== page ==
Myanmar’s insurance industry opening its doors

Myanmar’s insurance industry opening its doors | Insurance Business

Myanmar’s insurance industry opening its doors
After restoring democracy, Myanmar is liberalizing its insurance industry by allowing foreign insurers to enter the market. In 2012, the government allowed competition in the sector, breaking the monopoly of state-owned Myanma Insurance.
 
Industry intelligence firm Axco Insurance Information Services has released its country report for Myanmar’s non-life insurance sector, which reveals that the market isn’t fully open yet. Insurers can only compete on service terms, as Myanma Insurance still sets rating, policy terms and conditions, and commissions. Furthermore, other insurers can only service certain classes.
 
The non-life insurance scene of Myanmar has 12 independent and locally owned insurers and Myanma. Nine of the 12 have composite licenses, but only six are in active competition with Myanma.
 
Another restriction is that insurers are not allowed to buy reinsurance and have a maximum sum insured of MMK500 million (US$400,000). In case a client needs a policy that exceeds the said limit, a local firm must co-insure the excess with five other insurers, at 10% each. Myanma Insurance will take on the remaining 50%.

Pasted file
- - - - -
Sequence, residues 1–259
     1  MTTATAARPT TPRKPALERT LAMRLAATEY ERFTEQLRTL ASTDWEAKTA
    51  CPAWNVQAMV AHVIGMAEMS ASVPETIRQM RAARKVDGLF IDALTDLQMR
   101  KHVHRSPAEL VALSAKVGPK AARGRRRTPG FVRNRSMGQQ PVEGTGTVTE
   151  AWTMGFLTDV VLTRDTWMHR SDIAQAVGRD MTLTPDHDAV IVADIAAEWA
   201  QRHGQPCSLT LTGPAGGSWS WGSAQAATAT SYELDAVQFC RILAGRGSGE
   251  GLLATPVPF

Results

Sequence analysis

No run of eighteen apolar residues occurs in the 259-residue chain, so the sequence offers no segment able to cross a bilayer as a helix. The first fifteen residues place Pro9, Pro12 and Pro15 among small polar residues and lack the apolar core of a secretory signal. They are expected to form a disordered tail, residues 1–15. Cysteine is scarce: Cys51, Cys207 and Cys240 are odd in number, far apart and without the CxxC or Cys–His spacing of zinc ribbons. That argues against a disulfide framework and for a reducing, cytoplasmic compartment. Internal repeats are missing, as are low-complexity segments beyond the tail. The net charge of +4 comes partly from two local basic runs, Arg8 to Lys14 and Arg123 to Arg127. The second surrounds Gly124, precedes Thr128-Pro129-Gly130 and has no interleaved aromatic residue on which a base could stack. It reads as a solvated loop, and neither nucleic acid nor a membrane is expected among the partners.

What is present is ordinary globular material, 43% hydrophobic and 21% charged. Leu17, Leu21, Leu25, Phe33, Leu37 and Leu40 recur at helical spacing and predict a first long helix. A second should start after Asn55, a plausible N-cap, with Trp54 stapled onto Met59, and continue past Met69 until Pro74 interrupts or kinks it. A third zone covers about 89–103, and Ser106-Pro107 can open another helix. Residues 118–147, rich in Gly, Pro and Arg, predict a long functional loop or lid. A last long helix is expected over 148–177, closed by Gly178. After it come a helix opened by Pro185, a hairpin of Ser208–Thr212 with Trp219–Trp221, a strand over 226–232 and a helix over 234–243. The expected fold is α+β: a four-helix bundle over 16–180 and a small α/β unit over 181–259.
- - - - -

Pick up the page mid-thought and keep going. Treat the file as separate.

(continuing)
Axco estimated the non-life market to be worth MMK34.5 billion (US$25 million) in 2014, making up 94% of the total insurance market in the country. Non-life insurance has very low penetration at only 0.05% of GDP. Over 80% of the market is in fire/property insurance.
 
However, recent economic development and an increase in middle class population have provided opportunities for growth. Several foreign insurers such as Mitsui Sumitomo, Sompo, and Tokio Marine & Nichido Fire Insurance have established representative offices in Myanmar, but they are not yet allowed to do business directly and have to work behind Myanma Insurance.
 
Tim Yeates, managing director at Axco, commented: “Myanmar’s government is attempting to attract foreign companies into the local insurance market through a process of gradual liberalization. Although there is still a long way to go before foreign companies can progress beyond representative offices, the growing middle class could provide a future customer base. With such low insurance penetration, there is an opportunity for foreign capital to enter the market and compete with local players, though an understanding of the local market will be essential.”
 

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